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Non-verbal communication offers a forum for individuals of varying language skills to interact with each other. Without using words, individuals can convey information through observation, body gestures and facial expressions. Non-verbal activities can engage individuals prone to kinesthetic or dramatic movement, as well develop interpersonal skills between individuals who do not verbally interact. Best of all, non-verbal activities are fun, easy and require few resources to implement.
Follow the Leader
Mix up a “follow the leader” game by changing leaders frequently, suggests the website creativekidsathome.com. Choose the first leader, then let her initiate actions which the rest of the group must follow. However, she may designate the next leader, by eye contact or gesture. Changing leaders democratizes the game and also encourages players to observe an array of different leadership styles.
Within a group of people, entangle your limbs, then try to unravel them, suggests Winona State University. If the group size warrants, divide the group into two smaller teams. Have each group sit in a tight circle, whereby they can extend their arms and grab hold of a person not directly seated beside them. You can become tangled at any speed that feels appropriate, but detangle carefully, to prevent injury. Refrain from speaking during the entire process, encouraging players to use gesture.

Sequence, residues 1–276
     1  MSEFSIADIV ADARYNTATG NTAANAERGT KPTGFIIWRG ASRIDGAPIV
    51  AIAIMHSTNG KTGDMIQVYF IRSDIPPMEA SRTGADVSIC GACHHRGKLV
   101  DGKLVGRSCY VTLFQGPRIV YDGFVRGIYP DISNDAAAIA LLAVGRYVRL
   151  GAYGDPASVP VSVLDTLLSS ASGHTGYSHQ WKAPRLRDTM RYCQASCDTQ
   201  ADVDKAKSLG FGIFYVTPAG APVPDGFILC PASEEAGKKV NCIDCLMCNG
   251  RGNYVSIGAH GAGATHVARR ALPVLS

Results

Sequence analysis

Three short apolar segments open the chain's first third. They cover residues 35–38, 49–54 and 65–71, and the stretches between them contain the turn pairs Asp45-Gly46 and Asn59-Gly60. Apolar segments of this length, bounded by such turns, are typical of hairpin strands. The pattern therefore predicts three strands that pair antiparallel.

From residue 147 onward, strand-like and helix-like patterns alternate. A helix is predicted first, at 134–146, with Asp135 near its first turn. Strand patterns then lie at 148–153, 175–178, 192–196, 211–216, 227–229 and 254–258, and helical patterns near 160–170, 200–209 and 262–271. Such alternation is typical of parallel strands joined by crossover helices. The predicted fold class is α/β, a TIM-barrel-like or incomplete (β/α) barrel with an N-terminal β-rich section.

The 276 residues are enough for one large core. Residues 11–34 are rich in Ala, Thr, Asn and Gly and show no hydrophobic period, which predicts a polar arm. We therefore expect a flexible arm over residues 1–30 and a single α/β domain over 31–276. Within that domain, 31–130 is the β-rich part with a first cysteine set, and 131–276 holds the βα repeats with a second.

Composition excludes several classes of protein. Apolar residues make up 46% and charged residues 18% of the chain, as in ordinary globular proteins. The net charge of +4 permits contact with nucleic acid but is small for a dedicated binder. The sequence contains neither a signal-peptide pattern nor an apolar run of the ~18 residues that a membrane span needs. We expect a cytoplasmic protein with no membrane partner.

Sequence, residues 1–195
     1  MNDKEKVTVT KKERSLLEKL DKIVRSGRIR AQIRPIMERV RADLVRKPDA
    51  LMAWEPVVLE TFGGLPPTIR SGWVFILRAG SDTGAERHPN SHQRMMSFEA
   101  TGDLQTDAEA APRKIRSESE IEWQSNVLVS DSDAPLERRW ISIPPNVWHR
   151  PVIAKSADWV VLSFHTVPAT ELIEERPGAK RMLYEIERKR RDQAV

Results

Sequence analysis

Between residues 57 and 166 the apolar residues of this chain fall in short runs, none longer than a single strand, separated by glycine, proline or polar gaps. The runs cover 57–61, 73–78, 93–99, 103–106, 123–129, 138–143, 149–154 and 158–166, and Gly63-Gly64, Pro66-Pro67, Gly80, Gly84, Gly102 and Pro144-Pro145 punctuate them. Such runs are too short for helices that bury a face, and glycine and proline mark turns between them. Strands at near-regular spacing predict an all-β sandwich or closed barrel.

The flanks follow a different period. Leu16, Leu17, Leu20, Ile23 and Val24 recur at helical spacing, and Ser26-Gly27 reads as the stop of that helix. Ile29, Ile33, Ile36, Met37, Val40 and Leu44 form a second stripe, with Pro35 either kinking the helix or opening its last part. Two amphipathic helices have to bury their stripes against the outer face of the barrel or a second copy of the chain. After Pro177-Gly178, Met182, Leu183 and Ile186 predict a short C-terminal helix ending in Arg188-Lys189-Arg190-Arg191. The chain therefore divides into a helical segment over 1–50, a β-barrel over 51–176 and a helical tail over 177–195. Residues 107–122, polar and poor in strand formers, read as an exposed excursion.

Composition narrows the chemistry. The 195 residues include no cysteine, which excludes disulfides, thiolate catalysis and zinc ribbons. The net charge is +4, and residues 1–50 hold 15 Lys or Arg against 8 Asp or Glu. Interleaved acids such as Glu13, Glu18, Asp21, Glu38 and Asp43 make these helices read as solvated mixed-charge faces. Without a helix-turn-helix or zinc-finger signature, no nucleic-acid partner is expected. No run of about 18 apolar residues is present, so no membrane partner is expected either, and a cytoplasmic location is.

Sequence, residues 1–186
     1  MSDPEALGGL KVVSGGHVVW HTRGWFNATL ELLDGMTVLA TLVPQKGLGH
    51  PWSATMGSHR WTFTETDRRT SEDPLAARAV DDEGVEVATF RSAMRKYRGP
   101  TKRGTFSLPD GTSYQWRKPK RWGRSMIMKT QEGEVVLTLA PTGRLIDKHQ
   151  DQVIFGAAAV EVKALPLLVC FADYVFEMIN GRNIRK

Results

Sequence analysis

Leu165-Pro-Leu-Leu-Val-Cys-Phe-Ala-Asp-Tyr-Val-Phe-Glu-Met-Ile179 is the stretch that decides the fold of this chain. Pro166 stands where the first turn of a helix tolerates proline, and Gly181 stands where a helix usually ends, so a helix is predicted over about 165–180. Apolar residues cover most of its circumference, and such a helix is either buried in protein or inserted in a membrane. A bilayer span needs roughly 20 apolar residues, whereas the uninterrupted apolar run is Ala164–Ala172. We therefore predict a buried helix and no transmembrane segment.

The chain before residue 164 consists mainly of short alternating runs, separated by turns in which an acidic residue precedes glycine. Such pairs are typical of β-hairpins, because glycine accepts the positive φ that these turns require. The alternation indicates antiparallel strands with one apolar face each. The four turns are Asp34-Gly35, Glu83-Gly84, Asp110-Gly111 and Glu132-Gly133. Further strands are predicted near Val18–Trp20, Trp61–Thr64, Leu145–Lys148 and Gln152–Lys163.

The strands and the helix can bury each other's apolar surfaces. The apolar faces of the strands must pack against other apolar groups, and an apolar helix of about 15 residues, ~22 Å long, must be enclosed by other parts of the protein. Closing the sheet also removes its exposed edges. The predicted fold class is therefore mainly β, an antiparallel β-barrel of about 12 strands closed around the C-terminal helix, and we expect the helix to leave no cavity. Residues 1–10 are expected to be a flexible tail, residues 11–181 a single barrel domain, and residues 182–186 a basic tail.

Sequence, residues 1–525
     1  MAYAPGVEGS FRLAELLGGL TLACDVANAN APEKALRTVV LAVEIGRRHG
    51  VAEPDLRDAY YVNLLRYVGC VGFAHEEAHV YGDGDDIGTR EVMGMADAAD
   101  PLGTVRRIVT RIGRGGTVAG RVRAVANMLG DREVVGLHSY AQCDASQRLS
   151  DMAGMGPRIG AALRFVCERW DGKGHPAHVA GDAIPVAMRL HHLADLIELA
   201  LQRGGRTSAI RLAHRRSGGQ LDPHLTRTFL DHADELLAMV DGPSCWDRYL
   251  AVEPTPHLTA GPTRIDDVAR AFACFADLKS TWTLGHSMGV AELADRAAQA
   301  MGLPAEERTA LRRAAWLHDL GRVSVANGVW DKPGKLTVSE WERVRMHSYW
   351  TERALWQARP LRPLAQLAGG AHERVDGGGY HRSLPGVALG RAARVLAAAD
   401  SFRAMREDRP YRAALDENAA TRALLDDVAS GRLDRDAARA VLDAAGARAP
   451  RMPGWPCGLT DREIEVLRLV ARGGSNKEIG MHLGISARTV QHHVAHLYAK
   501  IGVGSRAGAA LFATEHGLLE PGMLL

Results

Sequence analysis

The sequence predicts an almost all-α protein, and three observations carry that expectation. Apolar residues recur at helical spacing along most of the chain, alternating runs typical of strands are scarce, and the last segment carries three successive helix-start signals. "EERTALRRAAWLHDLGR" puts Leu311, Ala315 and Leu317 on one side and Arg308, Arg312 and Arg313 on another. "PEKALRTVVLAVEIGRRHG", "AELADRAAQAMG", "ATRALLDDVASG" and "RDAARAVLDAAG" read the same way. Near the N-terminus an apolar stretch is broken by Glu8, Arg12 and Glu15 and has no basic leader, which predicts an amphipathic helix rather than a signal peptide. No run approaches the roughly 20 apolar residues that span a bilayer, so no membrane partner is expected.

Dramatize a text using just your hands, face and body gestures, recommends the website teachingenglish.org.uk. For dialogues or conversations requiring multiple characters, let students work together to try to embody and convey the text. You should encourage observers to guess the content and context before using words to discuss the challenges the group faced and their specific intent.
Divide the group into teams and challenge them to collaborate on drawings based on a specific idea or theme, recommends the website businessballs.com. Keep a firm five-second time limit and cue each person to contribute to the drawing, then pass it on. Make sure all individuals contribute to the picture, then create a second image, changing the order of the contributors. Alternatively, you should request that teams exchange unfinished pictures or swap artists mid-way through the process.
Sophie Bloom has been a professional writer since 2000, writing for nonprofits including the American Foundation for the Blind and The Adult Literacy Media Alliance. She received her Bachelor of Arts degree in culture and media studies from Johns Hopkins University and her Master of Science in acupuncture from Tri-State College of Acupuncture in New York City.